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  • Lo Furneaux

What Happened to FTX?

Hot on the heels of one of the largest cryptocurrency seizures in history, the second-largest crypto exchange platform in the world, FTX, almost collapsed entirely after a report from Coindesk caused a fire sale that tanked the platform’s value.

But how did FTX go from dominant to destitute in a just a matter of days?


FTX was originally founded in 2019 by Gary Wang and Sam Bankman-Fried, the founders of cryptocurrency trading firm Alameda Research. As a cryptocurrency exchange platform, FTX provided a central place for crypto sellers to connect with potential buyers, as well as loaning out funds for customers wishing to make larger trades.

By charging interest on these loans and taking a cut of each and every transaction conducted on their platform for themselves, FTX was able to raise more than $1.3 Billion in seed funding in just three short years. This level of success gave the company an enormous valuation of more than $32 Billion; making them one of the largest cryptocurrency exchanges in the world, second only to one of their former investors, Binance.

When the FTX exchange was launched, they also introduced their own cryptocurrency token to their market, known as FTT. To encourage their customers to buy this new coin, anyone who held a balance in FTT was given premium access to the platform as an incentive, allowing them to take advantage of much lower transaction fees and no-cost withdrawals.

As the coin began to pick up traction, FTX made the unusual decision to inflate demand by buying up large amounts of their own coin in a process known as burning - causing the value of FTT to skyrocket to a dramatic high.

Unbeknownst to many, Bankman-Fried’s previous company Alameda Research held a large amount of these tokens. Since Alameda had initially bought these tokens at a very low price, when FTX began burning the coin to inflate it’s worth, the value of their assets rose sharply. Thanks to the wonders of asset-based lending, Alameda was now able to borrow significantly more money from lenders by offering the high-value tokens as collateral.

Currently, the identity of these lenders is still unknown, though many have been speculating that FTX may have provided the loans themselves from their own coffers, from borrowed money or even from customer funds! Wherever this borrowed money may have come from, until last week, only this mysterious lender and Alameda knew how exactly may FTT tokens were backing up these loans.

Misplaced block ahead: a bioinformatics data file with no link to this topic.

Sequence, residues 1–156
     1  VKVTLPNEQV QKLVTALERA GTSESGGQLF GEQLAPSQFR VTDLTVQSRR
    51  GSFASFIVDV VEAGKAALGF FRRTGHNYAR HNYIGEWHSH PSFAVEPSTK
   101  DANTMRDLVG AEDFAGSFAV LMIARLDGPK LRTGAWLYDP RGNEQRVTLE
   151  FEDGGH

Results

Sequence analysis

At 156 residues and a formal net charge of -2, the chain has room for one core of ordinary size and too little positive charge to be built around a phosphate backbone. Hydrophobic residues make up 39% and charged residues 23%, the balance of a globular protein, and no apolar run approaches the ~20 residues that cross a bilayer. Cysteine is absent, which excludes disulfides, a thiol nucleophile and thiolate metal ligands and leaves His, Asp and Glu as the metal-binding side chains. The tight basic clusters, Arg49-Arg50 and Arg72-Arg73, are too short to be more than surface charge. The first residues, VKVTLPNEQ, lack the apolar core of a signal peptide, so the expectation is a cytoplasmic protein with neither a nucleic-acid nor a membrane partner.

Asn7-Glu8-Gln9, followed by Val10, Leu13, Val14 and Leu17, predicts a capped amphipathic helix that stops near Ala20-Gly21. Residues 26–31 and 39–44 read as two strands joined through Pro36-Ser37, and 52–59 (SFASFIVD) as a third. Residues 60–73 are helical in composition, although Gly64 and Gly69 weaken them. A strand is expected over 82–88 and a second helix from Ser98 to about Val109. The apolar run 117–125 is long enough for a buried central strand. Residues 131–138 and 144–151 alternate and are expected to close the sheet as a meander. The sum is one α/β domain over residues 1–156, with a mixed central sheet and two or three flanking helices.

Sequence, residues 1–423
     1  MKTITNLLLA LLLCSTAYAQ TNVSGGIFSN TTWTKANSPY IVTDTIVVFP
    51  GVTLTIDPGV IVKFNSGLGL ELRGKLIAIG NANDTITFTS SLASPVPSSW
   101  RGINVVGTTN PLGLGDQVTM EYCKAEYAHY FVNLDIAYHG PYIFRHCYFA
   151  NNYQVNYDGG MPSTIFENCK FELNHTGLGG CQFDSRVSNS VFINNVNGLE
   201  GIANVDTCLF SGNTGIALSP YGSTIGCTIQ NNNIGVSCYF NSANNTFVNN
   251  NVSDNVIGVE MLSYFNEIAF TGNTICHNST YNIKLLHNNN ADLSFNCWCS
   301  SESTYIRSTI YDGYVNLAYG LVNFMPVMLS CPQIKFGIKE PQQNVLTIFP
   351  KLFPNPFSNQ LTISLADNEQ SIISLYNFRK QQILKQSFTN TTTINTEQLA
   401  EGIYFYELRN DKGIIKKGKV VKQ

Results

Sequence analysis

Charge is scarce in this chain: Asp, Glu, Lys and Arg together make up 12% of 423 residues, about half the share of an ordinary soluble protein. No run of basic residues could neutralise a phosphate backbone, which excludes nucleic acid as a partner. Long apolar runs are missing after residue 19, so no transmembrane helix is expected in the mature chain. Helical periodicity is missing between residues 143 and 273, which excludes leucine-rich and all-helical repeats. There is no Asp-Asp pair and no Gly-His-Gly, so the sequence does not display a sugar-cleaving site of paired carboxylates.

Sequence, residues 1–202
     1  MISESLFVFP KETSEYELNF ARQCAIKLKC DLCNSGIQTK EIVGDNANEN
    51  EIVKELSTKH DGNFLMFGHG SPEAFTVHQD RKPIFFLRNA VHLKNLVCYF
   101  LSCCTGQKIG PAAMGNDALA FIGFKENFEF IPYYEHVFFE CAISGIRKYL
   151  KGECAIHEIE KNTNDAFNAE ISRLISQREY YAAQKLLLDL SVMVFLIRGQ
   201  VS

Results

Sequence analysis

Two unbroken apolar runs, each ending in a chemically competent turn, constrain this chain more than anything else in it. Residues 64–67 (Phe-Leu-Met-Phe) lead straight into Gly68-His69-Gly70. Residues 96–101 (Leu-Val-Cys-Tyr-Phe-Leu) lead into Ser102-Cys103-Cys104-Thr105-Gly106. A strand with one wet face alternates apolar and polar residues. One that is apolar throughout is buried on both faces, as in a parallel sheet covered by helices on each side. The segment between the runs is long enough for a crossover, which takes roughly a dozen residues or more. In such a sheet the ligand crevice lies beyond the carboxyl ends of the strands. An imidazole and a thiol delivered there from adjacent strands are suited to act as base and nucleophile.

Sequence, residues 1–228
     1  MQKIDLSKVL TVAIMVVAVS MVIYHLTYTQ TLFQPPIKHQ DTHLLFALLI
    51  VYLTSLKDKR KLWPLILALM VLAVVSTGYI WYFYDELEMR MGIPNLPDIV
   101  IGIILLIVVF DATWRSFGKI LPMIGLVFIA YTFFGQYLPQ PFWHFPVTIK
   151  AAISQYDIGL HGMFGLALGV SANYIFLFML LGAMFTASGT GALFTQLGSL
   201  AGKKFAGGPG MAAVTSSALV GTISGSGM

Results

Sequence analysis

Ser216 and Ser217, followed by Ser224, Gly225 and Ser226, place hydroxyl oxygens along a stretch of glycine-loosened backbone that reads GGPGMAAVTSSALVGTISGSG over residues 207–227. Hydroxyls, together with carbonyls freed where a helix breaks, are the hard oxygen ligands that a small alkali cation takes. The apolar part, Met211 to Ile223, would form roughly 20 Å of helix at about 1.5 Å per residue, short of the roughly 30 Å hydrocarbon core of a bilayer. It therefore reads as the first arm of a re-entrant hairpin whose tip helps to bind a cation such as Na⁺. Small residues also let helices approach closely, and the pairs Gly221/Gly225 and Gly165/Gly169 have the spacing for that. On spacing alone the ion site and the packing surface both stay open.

On the 2nd of November, the crypto-focused news site CoinDesk reported that these tokens made up the majority of Alameda’s asset portfolio: “Bankman-Fried’s trading giant Alameda rests on a foundation largely made up of a coin that a sister company invented, not an independent asset like a fiat currency or another crypto.”

“As of June 30, the company’s assets amounted to $14.6 billion. Its single biggest asset: $3.66 billion of “unlocked FTT.” The third-largest entry on the assets side of the accounting ledger? A $2.16 billion pile of “FTT collateral. There are more FTX tokens among its $8 billion of liabilities: $292 million of “locked FTT.” (The liabilities are dominated by $7.4 billion of loans.)

The Coindesk article announced to the world that Alameda owed their evasive lenders more than $8 billion despite the lion’s share of their assets being held in an extremely volatile token that was owned and operated exclusively by FTX, their sister company.

As more people realised that both companies were tied up in the same precarious financial situation, the ensuing panic prompted a large number of FTX customers to begin withdrawing all of their funds from the exchange en masse. Though FTX had set aside several billion dollars to support any ongoing withdrawals, it wasn’t enough and the exchange was forced to stop all withdrawals as a result.


When the FTX exchange was launched in 2019, a significant portion of the initial investment came from Chanpeng Zhao, the CEO of Binance. Despite being direct competitors, the two companies worked closely together until 2021 when Bankman-Fried offered to buy Zhao’s stake in FTX. The details of why the two companies parted ways have never been revealed publicly, though it was speculated at the time that Bankman-Fried’s decision was prompted by pending regulatory action on Binance. Zhao was given $2.1 billion for his shares in FTX, with the money being paid in the form of FTT and BUSD (Binance's stablecoin).

Unfortunately, relations between the two CEO’s soured in the year that followed, with both trading insults back and forth via social media. This war of words escalated when Alameda’s risky balance sheet was revealed by Coindesk and Zhao published a statement on twitter confirming Binance’s intention to liquidate any of the FTT holding they had left.

While the exact amount of FTT that Binance planned to sell wasn’t known, after Alameda’s CEO Caroline Ellison offered to purchase the entire quantity, other investors were worried that selling such a large amount at once would collapse the token’s market entirely. The resulting fire sale caused the price of FTT to drop from £25 to less than £3.50 per token, leading to an incredible run on the exchange that saw more than $6 billion withdrawn in less than 72 hours.

When it seemed almost inevitable that FTX would collapse, they were forced to reach out to their former investor for help. On the 8th of November, Zhao confirmed on Twitter that Binance had “signed a non-binding [Letter Of Intent], intending to fully acquire and help cover the liquidity crunch” pending due diligence. The deal would have seen Binance fully acquire FTX for providing the necessary funds required to resolve their liquidity crisis.

Though many of the raptured observers hoped this offer would stem the bleeding, it was not to be. Less than 24 hours later, on Wednesday the 9th of November, Binance confirmed on Twitter they were backing out of the deal and would not be acquiring FTX: